The holidays can often be a time of both celebration and chaos, and this tends to be especially true for older adults. Keeping up with family members and friends can be exhausting, but paying particular attention to lifestyle habits may be able to support you during this busy season.
So, are you ready to make both physical and mental health a priority this time of year? These senior holiday health tips are sure to help you do just that!
How the Holidays Can Impact Senior Health
For many seniors, the holidays are a time of light and joy. However, they can also be a source of stress, and a rising number of festivities and commitments can make it challenging to cope—especially if you’ve lost a loved one recently. Interrupted routines may make it hard to fit healthy eating, regular exercise, and quality sleep into a busier-than-usual schedule.
However, there are ways to ensure you’ll feel happy and healthy during the holidays. A little planning and preparation can go a long way, particularly when managing your own expectations or setting expectations with family and friends for the holiday season.
Adopting Senior Holiday Health Tips
Like other times of the year, focusing on eating well, exercising regularly, and maintaining proper sleep hygiene can encourage better health. For seniors, there’s no better time than the holidays to ensure optimal health since activities and festivities are often increased. Focusing on wellness during winter can do wonders for your physical and mental health, may improve your mood or immunity, and can set you up nicely for the new year.
Wondering how to stay healthy during the holiday as an aging adult? Look no further than these fundamentals, setting the groundwork for better living.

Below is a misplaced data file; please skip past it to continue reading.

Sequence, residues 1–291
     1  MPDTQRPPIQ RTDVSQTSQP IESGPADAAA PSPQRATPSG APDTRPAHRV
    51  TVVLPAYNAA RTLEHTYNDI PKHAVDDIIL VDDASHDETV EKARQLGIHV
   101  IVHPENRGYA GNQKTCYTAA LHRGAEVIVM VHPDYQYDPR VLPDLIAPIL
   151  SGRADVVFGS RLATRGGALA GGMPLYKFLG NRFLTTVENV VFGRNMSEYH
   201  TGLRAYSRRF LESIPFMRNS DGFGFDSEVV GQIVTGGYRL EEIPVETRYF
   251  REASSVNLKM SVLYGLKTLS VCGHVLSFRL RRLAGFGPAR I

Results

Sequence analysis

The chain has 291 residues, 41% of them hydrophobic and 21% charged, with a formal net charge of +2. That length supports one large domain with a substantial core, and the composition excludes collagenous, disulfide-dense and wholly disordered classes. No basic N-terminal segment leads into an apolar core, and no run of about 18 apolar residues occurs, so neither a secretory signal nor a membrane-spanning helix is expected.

Holiday Nutrition & Hydration
Understanding the basics of balanced eating can help you enjoy rich holiday meals without overindulging. Celebrate the holidays by truly savoring your favorite flavors, but also keep proper portion sizes in mind.
Remember that restrictive eating patterns—not to be confused with dietary restrictions (like food allergies)—can backfire. Instead of focusing on what you’re limiting, like sweets, pile on the fruits, vegetables, and other nutrient-rich picks.
Another healthy eating tip for the holidays is to tune into hunger cues. This means listening to your body and its signals, such as when you feel hungry or full. Doing so can guide your eating habits and help you be more mindful about what you’re eating and how much you’re eating.
In addition to eating well, be sure you’re drinking plenty of water each day. Although individual needs may differ, the “8×8 rule” (drinking at least eight 8 oz glasses of water daily) is a great place to start. Another easy way to keep staying hydrated top of mind is by having water easily accessible, such as placing a large water bottle on a side table by your favorite chair.
Although exercising in chilly temps may seem intimidating initially, there are ways to do so safely. Bundling up and wearing sturdy shoes can help to keep you safe and warm, as can inviting friends or family to come along on outdoor adventures (like walks or skiing).
At-home workouts, such as chair exercises, are also an option—even small amounts of movement each day can significantly benefit health. Chores and simple tasks like holding a shopping bag when running errands can also contribute to your daily movement goals.